Stay in Your Lane, James Cameron
An old but open letter I wrote as though we’re friends and he values my opinion
After kicking ass with Wonder Woman, none other than director Patty Jenkins herself took James Cameron down a peg or two for mansplaining how the movie was actually a step backward for women.
I let it go when Mark Ruffalo, of all the over-the-top crusaders, blanketly balled out all women who choose not to self-identify as feminists.
But so many women disagreed with Cameron that there is little more to be said that is more succinct than Patty Jenkins’ own response. Which essentially says that “… if women have to be hard, tough and troubled to be strong …” then “we aren’t free to be multidimensional or to celebrate an icon of women everywhere because she is attractive and loving … ” She goes on to say that women can and should be all of the things men are in movies. And even though I can’t say it any better than she did, I can speak for myself and add one more woman’s voice to the chorus singing two things: 1.) You don’t speak for us and 2.) beautiful and strong are not mutually exclusive.
Equality isn’t a binary. You don’t have to be tough or “unfeminine” to be empowered. Being high-femme beautiful doesn’t relegate you to barefoot baby-making. Women can be anything and everything they want to be. And they don’t have to apologize. And they don’t have to be anything they don’t want to be. Narrow-minded feminists can’t shame you if your dream is to be a stay-at-home mom and housewife. Old-school sexists can’t shame you for hating kids and working on Wall Street. The point is that you choose your identity. Everything you are or aren’t is up to you.
A friend of mine makes an excellent point. In the pursuit of equality the solution is not neutering everything masculine or male. Nor is the success of feminism predicated on eschewing everything traditionally considered “feminine”. But Cameron implies that the only path to equality is making women in men’s image. Instead of celebrating that women can be everything they already are and pursue everything that men have always had.
Women are free to be whatever they want to be. Or not be. They don’t owe anyone — not even Mark Ruffalo or James Cameron an explanation. And they don’t need one more angry white man screaming about what women should or shouldn’t do or be because they’re women.
That, Mr. Cameron my dear aspiring feminist, is still sexist. Which is not to say that women never do it. Remember when Madeleine Albright said there’s a special place in hell for women who don’t vote for Hillary? That is also sexist.
I was raised to admire many strong women because they were awesome, not because they were female. Two of them are James Cameron characters.
Linda Hamilton’s timeless embodiment Sarah Connor is believable and kind of thrilling. But Cameron’s comments about Wonder Woman make me now assume that he thinks Connor’s strength came from her being un-feminine. That is to say, for a woman to be considered strong, she must be masculine. Tsk, tsk, James Cameron. This is a first step backward and we’re not going with you.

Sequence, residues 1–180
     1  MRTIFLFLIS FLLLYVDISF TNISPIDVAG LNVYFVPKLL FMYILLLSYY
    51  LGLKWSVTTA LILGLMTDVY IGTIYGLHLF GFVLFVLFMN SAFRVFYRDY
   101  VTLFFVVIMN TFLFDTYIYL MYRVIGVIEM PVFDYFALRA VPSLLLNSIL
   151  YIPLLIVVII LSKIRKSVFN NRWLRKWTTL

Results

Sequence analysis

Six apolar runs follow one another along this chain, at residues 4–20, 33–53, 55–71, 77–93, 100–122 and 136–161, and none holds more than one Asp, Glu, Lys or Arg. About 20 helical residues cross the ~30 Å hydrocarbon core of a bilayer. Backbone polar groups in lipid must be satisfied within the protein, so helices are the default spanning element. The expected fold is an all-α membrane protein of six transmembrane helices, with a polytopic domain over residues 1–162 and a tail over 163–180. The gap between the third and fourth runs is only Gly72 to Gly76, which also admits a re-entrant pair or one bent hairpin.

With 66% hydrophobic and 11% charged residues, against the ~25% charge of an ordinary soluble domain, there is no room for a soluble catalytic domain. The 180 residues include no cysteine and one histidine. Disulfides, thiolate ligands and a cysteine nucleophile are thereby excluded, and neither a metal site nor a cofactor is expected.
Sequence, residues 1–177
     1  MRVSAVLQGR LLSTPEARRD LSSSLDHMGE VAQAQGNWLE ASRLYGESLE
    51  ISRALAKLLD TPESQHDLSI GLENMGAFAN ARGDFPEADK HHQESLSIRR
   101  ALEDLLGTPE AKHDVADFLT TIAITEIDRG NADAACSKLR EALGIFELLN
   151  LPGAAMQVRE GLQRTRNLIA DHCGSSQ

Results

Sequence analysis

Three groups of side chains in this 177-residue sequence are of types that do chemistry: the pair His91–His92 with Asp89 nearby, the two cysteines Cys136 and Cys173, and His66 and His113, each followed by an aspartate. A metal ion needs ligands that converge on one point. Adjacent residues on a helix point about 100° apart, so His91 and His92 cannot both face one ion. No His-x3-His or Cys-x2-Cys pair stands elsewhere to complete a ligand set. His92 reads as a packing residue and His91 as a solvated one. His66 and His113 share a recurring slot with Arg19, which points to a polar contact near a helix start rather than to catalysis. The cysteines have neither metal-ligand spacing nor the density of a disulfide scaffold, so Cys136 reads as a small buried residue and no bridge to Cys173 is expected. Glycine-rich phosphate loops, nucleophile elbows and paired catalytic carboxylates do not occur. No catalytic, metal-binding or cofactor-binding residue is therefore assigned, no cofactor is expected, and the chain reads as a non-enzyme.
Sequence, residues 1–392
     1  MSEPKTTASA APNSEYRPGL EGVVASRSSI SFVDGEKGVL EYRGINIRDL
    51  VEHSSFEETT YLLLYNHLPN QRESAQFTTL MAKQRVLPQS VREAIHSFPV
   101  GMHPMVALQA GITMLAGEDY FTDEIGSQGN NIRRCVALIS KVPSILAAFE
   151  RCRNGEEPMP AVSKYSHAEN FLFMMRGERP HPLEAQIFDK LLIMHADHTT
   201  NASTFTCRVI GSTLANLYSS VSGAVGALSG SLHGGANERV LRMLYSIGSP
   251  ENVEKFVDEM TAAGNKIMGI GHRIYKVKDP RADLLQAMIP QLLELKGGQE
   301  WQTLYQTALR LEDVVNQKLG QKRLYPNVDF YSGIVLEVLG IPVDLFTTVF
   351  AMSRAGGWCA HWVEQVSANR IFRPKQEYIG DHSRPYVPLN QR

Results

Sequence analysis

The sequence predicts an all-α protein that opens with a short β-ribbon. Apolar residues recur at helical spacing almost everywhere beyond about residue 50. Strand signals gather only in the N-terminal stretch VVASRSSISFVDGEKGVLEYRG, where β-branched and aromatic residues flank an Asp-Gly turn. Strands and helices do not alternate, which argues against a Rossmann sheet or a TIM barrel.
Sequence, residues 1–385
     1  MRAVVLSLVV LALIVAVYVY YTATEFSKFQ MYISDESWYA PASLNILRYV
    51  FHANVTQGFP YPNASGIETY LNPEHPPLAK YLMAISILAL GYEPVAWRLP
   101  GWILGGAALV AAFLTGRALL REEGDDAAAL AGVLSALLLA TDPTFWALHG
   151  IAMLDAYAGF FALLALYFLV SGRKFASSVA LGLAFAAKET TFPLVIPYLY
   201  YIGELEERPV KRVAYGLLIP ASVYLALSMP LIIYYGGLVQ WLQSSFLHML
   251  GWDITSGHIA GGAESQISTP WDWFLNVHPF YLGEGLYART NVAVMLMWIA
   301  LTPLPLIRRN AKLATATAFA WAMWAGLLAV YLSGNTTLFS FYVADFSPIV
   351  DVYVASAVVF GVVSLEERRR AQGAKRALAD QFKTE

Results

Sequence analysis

Listen, buddy. If *YOU* feel like you’re “shouting in a wind tunnel” when trying to change the perceptions or expectations of women in this society — TRY BEING ONE.
Look. We appreciate your allyship, to use a term I’m sure you’d appreciate. But as soon as you start acting like you’re taking better care of us than we are of ourselves you forfeit that allyship. You’re being condescending and patronizing — two things I don’t think you intend.
So here’s what you can do. You can examine your perspective again. Are you really saying that only women who aren’t beautiful can accurately represent women and effectively advocate for them? Perhaps Sarah Connor wasn’t a “beauty icon”. In your opinion. But maybe she was to some of your viewers? Or perhaps it is the dividing up of women into camps of beautiful and not beautiful that is really the step backward. If you are saying Gal Gadot is not as effective at promoting female equality as Linda Hamilton was, I want to shake you by the lapels. No one is too pretty to fight for equality.
We want all women to be represented by complex characters, particularly in decision-making leadership roles instead of depicting that leadership requires sacrificing a personal life. Or that only the most “masculine” women can ascend the rungs of their industries.
“All women” includes under-represented minorities and body types, but that doesn’t mean gorgeous women are no longer welcome. They are women too.
Wonder Woman was the first time in my entire life that it occurred to me a woman can be beautiful AND strong. I have literally spent my entire life seeing zero-sum representations that required women to choose between aspirations. Too often that means career or family — a choice few of us want to make, and no one wants to be forced to make.
I was fighting back tears for the majority of that movie as I tried not to grievously mourn what a different life I might have made for myself if I had had role models like that when I was younger.
See, that’s the thing. Not all of us are trailblazers. Some of us, like me, are born to follow. And that’s ok. But we need someone to follow, a template to replicate. Never in my whole life had I seen a woman who could be strong, brave, smart, feminine, kind, tough and sexy but was showcased and admired for being all of those things — not in spite of anything.
If you’d rather be our champion than our equal ally then it seems like your motivation in “defending women” is more about your self-image as a supporter of women than it is actually supporting women.
Equality icons are not limited to any particular aesthetic. Let alone limited to what James Cameron’s preferred aesthetic.